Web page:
The Achilles’ heel of change

by Jawed Naqvi | Published at 12:00am on January 27, 2021

COME to think of it, if it was heroic of Daniel Ellsberg to publish the Pentagon Papers and reveal the perfidy of several American presidents in the Vietnam war, or for Julian Assange to expose western war crimes in Iraq and Afghanistan, it can hardly be argued that an Indian TV anchor had done any wrong by being well informed about the Modi government’s plans to have a military showdown with Pakistan.

On the contrary, the narrative that Arnab Goswami was aware of the Balakot air strike on the eve of Indian elections well before the event took place is something journalists covet. Arnab, who heads his pro-Modi TV channel, however, is no Seymour Hersh, but this particular shortcoming no one is accusing him of. If he did not share the forewarning of an imminent cross-border air strike with the public he could be keeping his word to his sources, which journalists are trained to do. However, as he is believed to have used the insight to flaunt his ties with the government to impress an official who gave him exaggerated TRP ratings, the case belongs to the realm of a criminal probe. A dutiful editor would consider this a lapse but that journalistic malaise is widespread.

According to the WhatsApp transcript circulating in the media, Arnab Goswami was privately pleased by the Pulwama attack in which 40 Indian paramilitary men were killed as he could go to town with a hard-line nationalist story, the kind prime minister Modi was in need of in the middle of the 2019 election season.

It sounds all too perverse, but then, is it not similar to journalistic overreach from the other side of the political divide? In one such episode journalists were caught fixing portfolios in Dr Manmohan Singh’s cabinet on behalf of their corporate minders. Perhaps the silliest response to the WhatsApp revelations is seeing it as a security lapse. In other words, the opposition will not let go of the nationalist narrative they are not equipped to tackle Modi with.

What the opposition parties are trying not to see in the bargain is that both stories have a common neoliberal origin. A journalist who lends his services to boost a party’s nationalist platform and the journalists who would not hesitate to ply a day’s errand for big business have their origin in India’s three-decade-old economic trajectory. Both stories flow from the sordid nexus between tycoons and politicians with journalists playing their assigned role as go-betweens.

Be that as it may, these are challenging times for prime minister Modi. On the one hand, his nationalist plank stands shaken by WhatsApp revelations. On the other side, two of his most powerful former allies have turned on him. The Shiv Sena which rules Maharashtra with the help of two secular parties and the Akali Dal representing the Sikhs have ditched Modi, and both are fervent supporters of the farmers’ struggle against recently introduced pro-corporate laws. The protesters overwhelmingly comprise Sikh farmers from Punjab but include a growing number of peasants from distant regions. They are opposing three hurriedly passed farm laws seen as benefiting big business and harmful to the farmers. There’s a problem, however.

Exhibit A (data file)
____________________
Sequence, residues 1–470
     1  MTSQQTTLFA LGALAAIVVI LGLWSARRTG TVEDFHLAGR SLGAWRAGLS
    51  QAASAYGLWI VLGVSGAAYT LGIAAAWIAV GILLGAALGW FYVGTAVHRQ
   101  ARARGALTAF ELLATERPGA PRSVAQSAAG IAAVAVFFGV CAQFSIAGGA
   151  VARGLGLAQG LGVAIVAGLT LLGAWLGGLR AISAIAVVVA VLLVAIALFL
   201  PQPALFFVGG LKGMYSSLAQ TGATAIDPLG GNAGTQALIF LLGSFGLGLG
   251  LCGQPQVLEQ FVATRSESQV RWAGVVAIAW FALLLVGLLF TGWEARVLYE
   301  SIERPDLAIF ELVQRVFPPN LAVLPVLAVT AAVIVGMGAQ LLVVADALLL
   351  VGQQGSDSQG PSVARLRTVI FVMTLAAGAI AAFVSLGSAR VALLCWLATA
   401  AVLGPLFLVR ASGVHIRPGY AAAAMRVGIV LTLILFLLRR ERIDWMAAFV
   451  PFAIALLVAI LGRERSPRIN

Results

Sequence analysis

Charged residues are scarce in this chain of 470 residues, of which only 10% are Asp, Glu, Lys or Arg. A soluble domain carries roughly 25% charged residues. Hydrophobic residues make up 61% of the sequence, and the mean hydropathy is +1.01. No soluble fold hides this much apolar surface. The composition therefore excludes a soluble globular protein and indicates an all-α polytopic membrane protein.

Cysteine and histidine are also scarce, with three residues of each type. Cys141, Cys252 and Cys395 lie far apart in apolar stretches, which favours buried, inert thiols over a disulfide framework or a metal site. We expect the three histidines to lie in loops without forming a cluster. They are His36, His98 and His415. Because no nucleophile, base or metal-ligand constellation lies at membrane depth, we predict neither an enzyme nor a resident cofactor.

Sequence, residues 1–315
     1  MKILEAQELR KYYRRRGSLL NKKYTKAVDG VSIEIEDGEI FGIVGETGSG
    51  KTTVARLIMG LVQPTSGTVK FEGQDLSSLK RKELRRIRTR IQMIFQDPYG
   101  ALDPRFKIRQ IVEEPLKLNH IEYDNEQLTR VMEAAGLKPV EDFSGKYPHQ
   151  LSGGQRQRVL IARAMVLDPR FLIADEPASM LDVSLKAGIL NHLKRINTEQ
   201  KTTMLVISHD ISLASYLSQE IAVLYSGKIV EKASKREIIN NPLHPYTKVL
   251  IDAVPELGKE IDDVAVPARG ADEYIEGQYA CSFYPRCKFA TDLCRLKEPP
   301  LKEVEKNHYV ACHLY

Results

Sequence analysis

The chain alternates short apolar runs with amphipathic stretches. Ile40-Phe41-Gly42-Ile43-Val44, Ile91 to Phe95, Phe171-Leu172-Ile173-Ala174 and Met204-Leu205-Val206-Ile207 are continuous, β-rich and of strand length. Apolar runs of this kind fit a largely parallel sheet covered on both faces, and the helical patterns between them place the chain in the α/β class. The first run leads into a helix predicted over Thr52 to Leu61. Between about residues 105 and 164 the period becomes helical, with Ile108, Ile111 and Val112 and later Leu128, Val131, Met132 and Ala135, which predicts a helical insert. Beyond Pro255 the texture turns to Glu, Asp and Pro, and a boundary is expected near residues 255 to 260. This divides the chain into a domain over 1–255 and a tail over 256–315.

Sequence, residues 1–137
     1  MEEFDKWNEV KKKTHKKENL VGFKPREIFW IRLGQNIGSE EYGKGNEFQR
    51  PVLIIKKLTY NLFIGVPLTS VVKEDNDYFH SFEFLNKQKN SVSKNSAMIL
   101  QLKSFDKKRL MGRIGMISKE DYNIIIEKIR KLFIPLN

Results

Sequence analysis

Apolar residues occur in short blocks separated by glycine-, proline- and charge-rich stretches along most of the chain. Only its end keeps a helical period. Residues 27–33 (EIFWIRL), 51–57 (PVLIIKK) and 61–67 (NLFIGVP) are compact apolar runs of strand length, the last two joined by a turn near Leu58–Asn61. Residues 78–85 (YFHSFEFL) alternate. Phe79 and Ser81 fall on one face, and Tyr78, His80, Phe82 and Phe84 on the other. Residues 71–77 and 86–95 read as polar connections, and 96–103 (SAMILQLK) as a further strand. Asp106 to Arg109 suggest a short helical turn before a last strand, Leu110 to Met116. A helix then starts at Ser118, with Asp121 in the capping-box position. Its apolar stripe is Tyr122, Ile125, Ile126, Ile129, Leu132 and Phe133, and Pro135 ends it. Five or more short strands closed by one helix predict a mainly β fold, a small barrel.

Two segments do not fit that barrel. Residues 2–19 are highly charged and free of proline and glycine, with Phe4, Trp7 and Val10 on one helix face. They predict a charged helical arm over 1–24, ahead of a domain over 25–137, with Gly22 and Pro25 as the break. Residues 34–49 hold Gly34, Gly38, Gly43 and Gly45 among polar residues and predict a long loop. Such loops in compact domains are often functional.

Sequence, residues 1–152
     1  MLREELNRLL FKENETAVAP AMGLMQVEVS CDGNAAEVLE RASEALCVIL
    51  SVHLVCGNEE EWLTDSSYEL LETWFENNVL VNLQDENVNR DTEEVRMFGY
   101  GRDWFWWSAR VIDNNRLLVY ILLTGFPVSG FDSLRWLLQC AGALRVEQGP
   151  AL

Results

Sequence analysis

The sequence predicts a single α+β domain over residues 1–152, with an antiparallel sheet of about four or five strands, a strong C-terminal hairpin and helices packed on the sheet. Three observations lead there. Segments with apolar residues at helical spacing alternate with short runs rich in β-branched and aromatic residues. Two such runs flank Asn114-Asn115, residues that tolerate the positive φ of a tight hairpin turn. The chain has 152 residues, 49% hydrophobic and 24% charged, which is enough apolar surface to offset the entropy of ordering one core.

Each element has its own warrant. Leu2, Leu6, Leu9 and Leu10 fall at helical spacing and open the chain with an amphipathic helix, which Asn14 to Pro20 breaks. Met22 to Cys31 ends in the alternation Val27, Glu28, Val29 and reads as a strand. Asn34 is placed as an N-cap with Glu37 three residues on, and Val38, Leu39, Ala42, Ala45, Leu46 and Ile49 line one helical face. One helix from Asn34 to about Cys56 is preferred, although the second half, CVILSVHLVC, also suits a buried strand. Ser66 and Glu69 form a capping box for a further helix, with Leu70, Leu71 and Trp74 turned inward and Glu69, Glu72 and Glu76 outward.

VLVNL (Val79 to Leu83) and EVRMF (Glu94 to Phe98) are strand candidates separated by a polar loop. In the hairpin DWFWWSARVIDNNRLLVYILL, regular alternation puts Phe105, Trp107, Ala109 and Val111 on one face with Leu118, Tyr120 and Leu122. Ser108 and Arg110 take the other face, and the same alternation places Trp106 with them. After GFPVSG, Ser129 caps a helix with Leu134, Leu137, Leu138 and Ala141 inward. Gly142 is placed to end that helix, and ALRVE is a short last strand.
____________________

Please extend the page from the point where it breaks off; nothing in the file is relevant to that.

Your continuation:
It’s no secret that political parties taking sides with the farmers are also indebted to big business that bankrolls them. In the prevailing conflict, everything seems to be working for the opposition but only because the farmers are resolute and determined to have the laws repealed. For Modi, rowing back from the promise he has evidently made to his corporate supporters would reveal a chink in his armour that others including rivals within his party could be waiting to exploit. What can go wrong for the opposition? Several things. Narendra Modi has shown his ease with money power. He has torpedoed opposition governments and poached MLAs, most worryingly from the Congress. The Congress shores up the Shiv Sena government in Maharashtra, and there have been close calls whereby mistrust was sown in the ruling coalition through the media to destabilise chief minister Udhav Thackeray.

It is a scenario that need not be looming imminently but one that needs to be watched closely. There is already a division within opposition ranks for the upcoming elections in West Bengal that should comfort Modi. It is mind-boggling that the opposition, which is standing together as a wall in the farmers’ struggle, should fritter away the advantage in a vital state. Unbelievably, the largest communist party, the CPI-M, has concluded that the main enemy in the West Bengal polls is chief minister Mamata Banerjee. Even the Congress is targeting Banerjee. Who is coming to her rescue? Thackeray, the one who has taken on Modi frontally by tripping up Arnab Goswami while giving total support to the farmers.

Going by its history, the Shiv Sena makes a poor ally of democracy. It supported Indira Gandhi’s emergency and led the campaign to raze the Babri Masjid. Its anti-Muslim face is not a secret. But, equally importantly, it was Thackeray who told the assembly upon becoming chief minister that it was a mistake to mix religion with politics. Things can and do change for the better. Thackeray alone could warn Modi that he was prepared for a fight if the BJP was itching for one.

Repeal of the farm laws could pump up the opposition, but that alone will not deliver the goal if robust democracy is to return to India. The opposition needs to harness the farmers’ toil to wrest the initiative from the ruling party and ensure victory against the BJP in West Bengal, Assam, Tamil Nadu and Kerala among the critical states facing elections soon. If a chink is showing in Modi’s armour, the opposition has its Achilles’ heel too.

 

Dawn.com, January 26. Jawed Naqvi is Dawn’s correspondent in Delhi.